In 1999 I wrote an article for a nursing journal about another woman who went against the current of medical opinion. The baby in her womb had been diagnosed with a major deformity. She carried the baby to term and was able to care for her child for a month, loving him until he passed away.

Five years ago I wrote a blog post about a patient of mine who experienced a pregnancy loss and the way that the nursing staff honored that baby’s life. Here is a portion of that article.

I recalled an experience that I had as a nurse in the hospital. My patient experienced a miscarriage. At sixteen weeks gestation, the infant had died in the womb. The mother had experienced wrenching physical and emotional pain as she labored. She had moaned, tossing and turning in bed. As her nurse, I had given morphine ordered by the doctor, but it had not covered the pain. After eight exhausting hours the body of the tiny girl baby was delivered.

We wrapped the baby in a blanket and after the mother held her, I made the memorial card. I held the tiny feet gently, applied ink and made footprints on the bereavement card—a memorial to the life of a baby girl and one aspect of bereavement care provided at the hospital.

At the nurse’s station, a doctor was explaining various medications that he had used to abort pregnancies.  He talked about the abortion process and it struck me that women going through abortion may have experienced the same misery that I had just witnessed.   The difference was that they did not receive bereavement care.  Women went home from the hospital or clinic quietly. The experience may have been traumatic and done in secret.

Although some celebrities have said that they are proud of their abortion, many women carry emotional and spiritual wounds. The group, Silent No More, testifies about the long lasting pain of abortion.

There is a deep sense among many people that the quick fix offered by abortion is not right or good.

The Wall Street Journal (10/16/2020) quoted Judge Barrett’s response to Senator Klobuchar’s question about a super precedent. “I’m answering a lot of questions about Roe, which indicates that Roe doesn’t fall into that category”.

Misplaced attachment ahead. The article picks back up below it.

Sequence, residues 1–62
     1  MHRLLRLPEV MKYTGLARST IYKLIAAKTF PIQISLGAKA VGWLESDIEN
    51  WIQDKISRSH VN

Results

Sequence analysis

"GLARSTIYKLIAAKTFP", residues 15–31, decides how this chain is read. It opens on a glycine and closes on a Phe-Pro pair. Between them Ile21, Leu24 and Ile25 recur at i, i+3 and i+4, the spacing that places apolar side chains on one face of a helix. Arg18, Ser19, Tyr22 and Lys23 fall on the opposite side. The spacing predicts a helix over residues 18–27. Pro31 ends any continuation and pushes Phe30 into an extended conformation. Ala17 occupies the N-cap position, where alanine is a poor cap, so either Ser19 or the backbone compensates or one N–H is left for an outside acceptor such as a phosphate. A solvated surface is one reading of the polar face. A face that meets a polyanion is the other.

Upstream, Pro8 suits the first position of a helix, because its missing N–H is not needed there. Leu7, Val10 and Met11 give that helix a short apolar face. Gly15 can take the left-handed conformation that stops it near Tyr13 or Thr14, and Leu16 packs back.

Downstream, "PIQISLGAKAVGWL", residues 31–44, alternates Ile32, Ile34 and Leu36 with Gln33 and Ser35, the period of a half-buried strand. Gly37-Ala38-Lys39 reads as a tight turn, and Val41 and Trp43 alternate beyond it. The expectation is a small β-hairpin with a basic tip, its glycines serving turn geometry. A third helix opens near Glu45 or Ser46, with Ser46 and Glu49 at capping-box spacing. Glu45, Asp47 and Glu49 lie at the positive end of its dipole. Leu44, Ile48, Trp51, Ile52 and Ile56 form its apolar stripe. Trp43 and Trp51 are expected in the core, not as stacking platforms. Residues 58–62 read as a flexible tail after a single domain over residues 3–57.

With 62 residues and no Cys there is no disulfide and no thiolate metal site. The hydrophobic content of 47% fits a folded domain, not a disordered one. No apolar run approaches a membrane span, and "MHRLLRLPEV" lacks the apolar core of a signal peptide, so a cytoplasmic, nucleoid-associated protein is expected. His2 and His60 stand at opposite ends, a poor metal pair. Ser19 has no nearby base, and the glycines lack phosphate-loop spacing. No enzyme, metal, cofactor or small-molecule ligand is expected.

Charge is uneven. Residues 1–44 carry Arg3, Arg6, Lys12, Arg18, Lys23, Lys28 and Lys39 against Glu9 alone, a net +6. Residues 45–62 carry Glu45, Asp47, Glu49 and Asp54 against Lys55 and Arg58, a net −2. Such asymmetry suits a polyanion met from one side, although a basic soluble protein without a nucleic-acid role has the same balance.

The images of the developing infant are courtesy of Creative Commons through this license.

Refreshed by a Weekend in Michigan with My Sisters

Northern Michigan is at the height of fall color. My sisters and I enjoyed a road trip, taking in the vivid, glowing colors of the trees.

Sun and shadow played on the orange and yellow leaves, lighting them up like gold. Red and green provided contrast.

We hiked through a wooded area and noticed the beautiful detail in leaves and flowers. Art designed by God.

The fall colors were glorious, and the time with my sisters was a blessing. We picked apples, listened to podcasts together, shared meals and prayed for family concerns. We gave thanks because we have seen God’s faithfulness over the years.

For you shall go out in joy
and be led forth in peace;
the mountains and the hills before you
shall break forth into singing,
and all the trees of the field shall clap their hands. Isaiah 55:12

Sharing this post with Inspire Me Monday and Sue’s Wordless Wednesday .

Breathing Patterns for Birth . . . and Soccer?

Last Saturday I spent a lovely afternoon watching my grandson play soccer. It brought back memories of the time my son played soccer and I was an accidental coach. Years ago I wrote a story about that experience.

When I first told my family that I was  a soccer coach they didn’t believe me.  You see, I had never played soccer.  I had never even watched a soccer game.  My position as a soccer coach began as a mistake.

When I signed my son up for soccer I checked one of the boxes indicating that I would volunteer my assistance.  Whenever my children were involved in an activity it seemed prudent to be involved.  I could bake cookies or make phone calls. At the first team meeting a tall man announced to the group.  “I’m looking for Carol Van Der Woude.”

I stepped forward with a smile, “that’s me.”

“I’m John.  I understand that you are my assistant coach.”

I gasped and then stuttered.  “I’m pleased to meet you.  I did sign up to assist . . . um . . . I can make phone calls, bring snacks.”

John smiled and responded.  “All the parents will bring snacks.  I’ll just need you to help with the practices and then cover a few games when I am out of town.  It’s not hard,  We have a training session this coming Saturday.”

The following Saturday I arrived at the sport center dressed in casual clothes and leather sandals.  I brought my notebook and pen, prepared to take notes on my new role.  With a sinking heart I noticed that I was one of a few females and that everyone was dressed in shorts and tennis shoes.  John greeted me, looked at my attire and  chuckled.  “It’s going to be a little hard to control the ball in those shoes.”

When the instructor for our session asked everyone to assemble on the indoor soccer field, I felt a little sick.  I stayed at the back of the group, trying to be invisible.

It was to no avail.  The instructor walked over and looked me up and down.  I was hoping that he would ask me to sit out.  Instead he shrugged as amusement crossed his features.  “It’ll have to do.”